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Mammoth task ahead of government to clean out corruption at SOE’s

Бывший минфин ЮАР Правин Гордан
Former Finance Minister Pravin Gordhan reacts as African National Congress Youth League members interrupt a memorial service for anti-apartheid activist Ahmed Kathrada in Durban, South Africa, April 9, 2017. Source: REUTERS/Rogan Ward.

This material belongs to: Sowetan Live.

Newly appointed minister of Public Enterprises Pravin Gordhan has admitted that although there’s new positive political change in the country, government still has a mammoth task ahead of them in an attempt to clean out corruption.

Speaking at day two of the Federation of Unions of South Africa‘s leadership and collective bargaining conference in Pretoria yesterday under the theme ‘Ethical governance to stimulate inclusive economic growth and decent jobs in Pretoria, Gordhan said this would not happen overnight.

“One of the questions we need to ask ourselves as South Africans is, ‘how did we get into this’ but far more importantly, is the fact that in recent time, with political changes that has given South Africans hope and optimism that we now have a government in place by and large which will ensure that we will reverse state capture and that we re-capture the state so that these institutions work for the South African public,” said Gordhan.

Just three days into the office, Gordhan, who is back into Cabinet in less than a year since being unceremoniously sacked as Finance Minister by former President Jacob Zuma, said state owned enterprises which are captured, will be dealt with swiftly by removing everyone who may have had a hand in illegal dealings with the parastatals.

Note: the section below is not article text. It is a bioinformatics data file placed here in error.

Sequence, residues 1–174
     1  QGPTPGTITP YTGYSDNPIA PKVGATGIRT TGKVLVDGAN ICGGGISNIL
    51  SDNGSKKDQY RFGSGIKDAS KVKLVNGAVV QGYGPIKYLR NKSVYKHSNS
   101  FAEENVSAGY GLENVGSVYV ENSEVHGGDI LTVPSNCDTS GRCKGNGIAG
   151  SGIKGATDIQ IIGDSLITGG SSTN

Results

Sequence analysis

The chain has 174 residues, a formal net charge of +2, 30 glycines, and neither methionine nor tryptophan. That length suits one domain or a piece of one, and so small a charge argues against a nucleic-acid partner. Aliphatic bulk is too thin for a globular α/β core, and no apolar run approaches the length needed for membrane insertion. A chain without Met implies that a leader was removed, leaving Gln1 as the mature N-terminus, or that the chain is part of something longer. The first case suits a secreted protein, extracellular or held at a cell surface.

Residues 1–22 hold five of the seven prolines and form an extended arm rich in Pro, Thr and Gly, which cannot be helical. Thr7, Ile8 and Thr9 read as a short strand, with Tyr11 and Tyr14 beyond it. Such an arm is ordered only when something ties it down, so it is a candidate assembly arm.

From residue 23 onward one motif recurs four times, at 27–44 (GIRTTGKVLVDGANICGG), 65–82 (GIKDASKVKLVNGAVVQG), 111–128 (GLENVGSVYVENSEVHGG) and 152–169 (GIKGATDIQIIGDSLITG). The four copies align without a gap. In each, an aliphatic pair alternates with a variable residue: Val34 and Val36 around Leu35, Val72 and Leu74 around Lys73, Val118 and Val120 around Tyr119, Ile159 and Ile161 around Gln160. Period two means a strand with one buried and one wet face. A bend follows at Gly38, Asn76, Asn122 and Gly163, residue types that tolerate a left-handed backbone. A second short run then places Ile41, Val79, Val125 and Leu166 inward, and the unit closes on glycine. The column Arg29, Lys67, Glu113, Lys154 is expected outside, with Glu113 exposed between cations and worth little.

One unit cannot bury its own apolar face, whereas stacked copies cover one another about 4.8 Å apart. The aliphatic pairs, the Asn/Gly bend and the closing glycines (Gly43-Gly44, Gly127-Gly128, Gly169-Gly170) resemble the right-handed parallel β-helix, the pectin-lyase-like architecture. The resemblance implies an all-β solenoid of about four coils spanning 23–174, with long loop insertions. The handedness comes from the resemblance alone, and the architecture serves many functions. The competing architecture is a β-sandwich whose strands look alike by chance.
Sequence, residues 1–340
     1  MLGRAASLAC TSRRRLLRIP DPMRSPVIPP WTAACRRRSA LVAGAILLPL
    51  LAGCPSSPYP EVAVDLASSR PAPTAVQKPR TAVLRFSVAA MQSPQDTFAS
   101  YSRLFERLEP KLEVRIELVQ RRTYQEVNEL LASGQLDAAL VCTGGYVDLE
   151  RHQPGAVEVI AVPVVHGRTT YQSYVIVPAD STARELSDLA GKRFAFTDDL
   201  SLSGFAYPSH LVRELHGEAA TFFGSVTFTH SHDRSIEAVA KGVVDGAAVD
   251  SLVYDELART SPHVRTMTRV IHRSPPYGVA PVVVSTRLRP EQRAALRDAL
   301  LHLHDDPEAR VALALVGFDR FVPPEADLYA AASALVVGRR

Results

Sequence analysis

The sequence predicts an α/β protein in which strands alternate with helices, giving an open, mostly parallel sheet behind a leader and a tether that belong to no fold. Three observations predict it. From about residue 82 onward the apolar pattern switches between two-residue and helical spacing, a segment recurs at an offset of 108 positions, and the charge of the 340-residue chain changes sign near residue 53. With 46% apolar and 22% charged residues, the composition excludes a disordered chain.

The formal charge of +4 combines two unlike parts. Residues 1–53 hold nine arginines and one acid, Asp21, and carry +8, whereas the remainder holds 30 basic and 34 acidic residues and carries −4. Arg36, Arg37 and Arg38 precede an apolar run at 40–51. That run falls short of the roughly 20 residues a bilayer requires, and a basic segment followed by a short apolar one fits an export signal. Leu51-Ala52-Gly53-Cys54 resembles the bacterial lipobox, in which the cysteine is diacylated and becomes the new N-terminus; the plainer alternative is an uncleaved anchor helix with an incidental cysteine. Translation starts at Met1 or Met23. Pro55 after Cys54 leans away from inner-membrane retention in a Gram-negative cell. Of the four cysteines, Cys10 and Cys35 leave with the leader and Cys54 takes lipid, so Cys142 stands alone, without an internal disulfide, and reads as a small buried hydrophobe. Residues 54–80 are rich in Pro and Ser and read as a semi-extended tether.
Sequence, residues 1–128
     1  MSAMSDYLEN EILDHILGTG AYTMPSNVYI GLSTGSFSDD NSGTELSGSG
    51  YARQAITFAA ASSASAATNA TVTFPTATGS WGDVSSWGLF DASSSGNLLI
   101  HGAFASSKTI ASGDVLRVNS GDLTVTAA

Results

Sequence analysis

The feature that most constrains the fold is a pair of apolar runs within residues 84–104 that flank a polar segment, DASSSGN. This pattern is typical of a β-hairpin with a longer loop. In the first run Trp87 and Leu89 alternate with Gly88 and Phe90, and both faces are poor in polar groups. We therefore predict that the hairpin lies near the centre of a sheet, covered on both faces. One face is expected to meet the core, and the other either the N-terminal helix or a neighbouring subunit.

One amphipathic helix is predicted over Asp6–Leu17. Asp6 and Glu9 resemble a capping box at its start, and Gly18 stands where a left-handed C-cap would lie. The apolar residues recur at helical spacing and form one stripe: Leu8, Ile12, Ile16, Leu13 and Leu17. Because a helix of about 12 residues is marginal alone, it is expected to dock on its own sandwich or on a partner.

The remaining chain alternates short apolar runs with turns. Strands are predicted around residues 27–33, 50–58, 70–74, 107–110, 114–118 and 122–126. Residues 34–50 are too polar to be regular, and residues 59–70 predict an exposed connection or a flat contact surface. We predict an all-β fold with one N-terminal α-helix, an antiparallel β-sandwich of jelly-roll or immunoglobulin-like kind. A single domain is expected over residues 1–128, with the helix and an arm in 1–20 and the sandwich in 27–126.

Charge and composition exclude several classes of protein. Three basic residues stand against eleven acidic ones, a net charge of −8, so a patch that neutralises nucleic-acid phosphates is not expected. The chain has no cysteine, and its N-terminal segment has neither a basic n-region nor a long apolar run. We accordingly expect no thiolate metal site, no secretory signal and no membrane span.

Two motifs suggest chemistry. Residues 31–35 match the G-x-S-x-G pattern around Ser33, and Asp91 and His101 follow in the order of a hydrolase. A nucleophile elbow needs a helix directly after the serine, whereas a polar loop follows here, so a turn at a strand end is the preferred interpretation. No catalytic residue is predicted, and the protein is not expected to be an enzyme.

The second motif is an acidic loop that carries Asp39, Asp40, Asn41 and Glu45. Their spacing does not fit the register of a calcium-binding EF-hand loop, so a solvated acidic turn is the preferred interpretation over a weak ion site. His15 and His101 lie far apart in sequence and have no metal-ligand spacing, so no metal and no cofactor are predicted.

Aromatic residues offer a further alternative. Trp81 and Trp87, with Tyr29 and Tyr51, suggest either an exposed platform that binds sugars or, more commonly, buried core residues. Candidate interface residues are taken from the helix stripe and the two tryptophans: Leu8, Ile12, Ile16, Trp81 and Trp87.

“With hope and optimism comes great expectations of work, expectations that you can click your fingers and solve all these problems and one of the things we are learning is that these sort of changes where we want to reverse the bad things that have happened in our country, won’t happen easily,” he said.

In January, Zuma announced the establishment of a commission of inquiry, saying allegations that the “state has been wrestled out of the hands of its real owners, the people of South Africa” needed to be investigated.

Without mentioning anybody by name, the minister said he foresees a tough task ahead of them as those who have benefited through state capture, will fight back and resist the rolling back of state capture, adding that those implicated would use delaying tactics including sabotaging any probe against them.

Gordhan, who has been a critic of corruption, grilled a few of Eskom‘s board members and executives including his predecessor over the past couple of months in Parliament’s public enterprises portfolio committee’s meeting on corruption allegations at the parastatal which now falls under his portfolio.

The minister vowed to clean out the rot at Eskom and other state owned entities as Ramaphosa said it should be governments first priority to grow the economy and regain investor confidence during his state of the nation address. He also alluded that that they will be changing certain boards in SOE’s to ensure good governance.

He called on unions, business, civil society and South Africans in general, to find a common purpose of creating jobs and reducing inequality.

Gordhan replaced Lynne Brown two weeks ago after President Cyril Ramaphosa reshuffled his cabinet which saw ten ministers linked to Zuma being axed.